Chinese authorities certainly know how to put on a spectacle, and as a result thousands flock to see the condemned moments before they are shot in the back of the head and dismembered for organs.
The authorities have a particularly uncompromising approach with respect to the condemned – crossing out their names with red ink certainly reinforces their point.
Chinese justice is of course swift, which the masses in more developed places tend to laud, but it is also imprecise and often targeted at those guilty of political crimes; just how many innocents are executed is not known. For that matter, even the total number of executions carried out is a state secret…
Below you can see the actual process of an execution, although of course 15 years and the need for organs has seen the process refined since then (mobile death vans are now in operation in parts of China, although they don’t help to recover organs by the sound of things).
Her story is an entertainingly macabre tale typical of rural China at its most unsavoury, so it is provided below:
The lady in question was apparently orphaned at an early age and kept on sufferance as a child of ill omen.
Once her mother died, her step-father drove her out, and she then lived on the street at the age of 13.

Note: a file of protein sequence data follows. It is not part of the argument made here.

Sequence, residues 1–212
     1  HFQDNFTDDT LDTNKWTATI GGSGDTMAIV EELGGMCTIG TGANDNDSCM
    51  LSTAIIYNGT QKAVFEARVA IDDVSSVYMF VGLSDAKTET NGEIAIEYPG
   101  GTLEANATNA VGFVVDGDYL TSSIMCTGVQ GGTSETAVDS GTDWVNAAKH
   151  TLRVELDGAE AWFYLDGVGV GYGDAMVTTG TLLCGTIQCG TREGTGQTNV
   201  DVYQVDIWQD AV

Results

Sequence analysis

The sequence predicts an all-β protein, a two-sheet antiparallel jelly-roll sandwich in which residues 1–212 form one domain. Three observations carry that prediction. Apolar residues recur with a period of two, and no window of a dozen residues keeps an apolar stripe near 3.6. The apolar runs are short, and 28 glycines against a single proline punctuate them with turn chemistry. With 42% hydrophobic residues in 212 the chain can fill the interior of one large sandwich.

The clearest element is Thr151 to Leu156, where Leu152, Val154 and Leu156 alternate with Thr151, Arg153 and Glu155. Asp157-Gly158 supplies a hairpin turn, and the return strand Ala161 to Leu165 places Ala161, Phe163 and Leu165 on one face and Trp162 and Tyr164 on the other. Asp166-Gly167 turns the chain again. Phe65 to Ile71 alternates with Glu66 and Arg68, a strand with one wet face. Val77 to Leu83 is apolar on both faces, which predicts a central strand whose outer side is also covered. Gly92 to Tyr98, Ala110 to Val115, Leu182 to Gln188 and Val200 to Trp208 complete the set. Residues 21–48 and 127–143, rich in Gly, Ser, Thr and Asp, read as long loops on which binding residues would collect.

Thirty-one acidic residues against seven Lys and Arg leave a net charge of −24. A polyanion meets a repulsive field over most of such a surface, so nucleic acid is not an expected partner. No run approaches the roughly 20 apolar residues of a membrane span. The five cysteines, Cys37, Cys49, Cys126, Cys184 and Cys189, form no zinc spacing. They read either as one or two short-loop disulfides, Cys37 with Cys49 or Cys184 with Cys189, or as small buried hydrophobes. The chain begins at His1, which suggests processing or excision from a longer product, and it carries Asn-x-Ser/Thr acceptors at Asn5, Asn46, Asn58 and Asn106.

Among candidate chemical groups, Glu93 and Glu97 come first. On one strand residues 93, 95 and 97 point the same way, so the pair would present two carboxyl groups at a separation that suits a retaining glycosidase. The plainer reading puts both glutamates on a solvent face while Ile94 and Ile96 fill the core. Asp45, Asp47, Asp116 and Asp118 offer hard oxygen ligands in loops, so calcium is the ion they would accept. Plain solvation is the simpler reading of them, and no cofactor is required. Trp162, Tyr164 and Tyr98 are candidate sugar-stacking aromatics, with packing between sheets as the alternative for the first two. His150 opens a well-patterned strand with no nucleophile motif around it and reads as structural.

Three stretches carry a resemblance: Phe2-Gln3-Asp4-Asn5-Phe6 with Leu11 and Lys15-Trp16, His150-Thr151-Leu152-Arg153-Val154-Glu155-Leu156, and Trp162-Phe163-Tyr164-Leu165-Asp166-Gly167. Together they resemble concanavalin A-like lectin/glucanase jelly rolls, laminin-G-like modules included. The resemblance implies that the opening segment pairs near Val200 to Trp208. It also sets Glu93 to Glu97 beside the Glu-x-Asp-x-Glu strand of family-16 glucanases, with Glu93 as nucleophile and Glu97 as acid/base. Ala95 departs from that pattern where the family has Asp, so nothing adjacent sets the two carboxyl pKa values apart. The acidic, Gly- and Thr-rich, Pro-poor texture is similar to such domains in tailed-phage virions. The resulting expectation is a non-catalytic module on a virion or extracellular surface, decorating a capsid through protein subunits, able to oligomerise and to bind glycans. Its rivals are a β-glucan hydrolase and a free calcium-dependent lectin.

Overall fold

After being mauled by a dog, a hotel manager took pity on her and forced her into prostitution.
After a nationwide crackdown on prostitution in 1991, she was sent to a labour camp.
She was later returned to her step-father, who sold her for a thousand yuan as a bride.
She enjoyed a brief period of happy marriage to a kind invalid, but caught the eye of a powerful villager who forced her husband to sell her to him for 2,000 yuan.
For several years she was confined after repeatedly attempting to escape from her “marriage”.
When her master left on business, his two cousins took their chance to rape her, making her pregnant. One thought to buy her and keep the child.
When her master finally returned in 1995, she was sent back to him with a child, which enraged him. He tortured her into revealing the truth, and then slew both the father and the child.
Despair and rage finally took hold of her, and she took a sickle and killed her husband as he slept.
She was later arrested, but the court was uncharacteristically sympathetic, and resolved that she could be reformed in a labour camp.
However, for whatever reasons things did not go well and she murdered an inmate whilst there. She was sentenced to death, and her appeal rejected…
China is estimated to carry out as many as 10,000 judicial executions annually, easily leading the world in absolute numbers.